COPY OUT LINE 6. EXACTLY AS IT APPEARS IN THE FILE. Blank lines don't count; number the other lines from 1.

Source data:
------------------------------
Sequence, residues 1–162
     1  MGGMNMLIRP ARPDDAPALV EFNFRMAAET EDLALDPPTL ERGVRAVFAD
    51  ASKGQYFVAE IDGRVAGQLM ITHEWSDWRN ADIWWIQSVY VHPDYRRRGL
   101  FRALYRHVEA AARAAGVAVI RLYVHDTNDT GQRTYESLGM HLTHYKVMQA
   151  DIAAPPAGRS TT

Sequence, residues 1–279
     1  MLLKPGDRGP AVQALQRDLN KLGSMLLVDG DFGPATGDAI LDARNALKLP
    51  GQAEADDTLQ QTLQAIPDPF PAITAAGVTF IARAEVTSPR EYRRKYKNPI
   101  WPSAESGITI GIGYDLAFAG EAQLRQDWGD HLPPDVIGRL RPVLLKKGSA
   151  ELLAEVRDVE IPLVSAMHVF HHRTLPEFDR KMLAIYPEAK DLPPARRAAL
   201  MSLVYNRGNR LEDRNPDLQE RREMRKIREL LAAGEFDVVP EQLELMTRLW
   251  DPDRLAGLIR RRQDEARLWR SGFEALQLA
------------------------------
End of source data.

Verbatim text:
Sequence, residues 1–279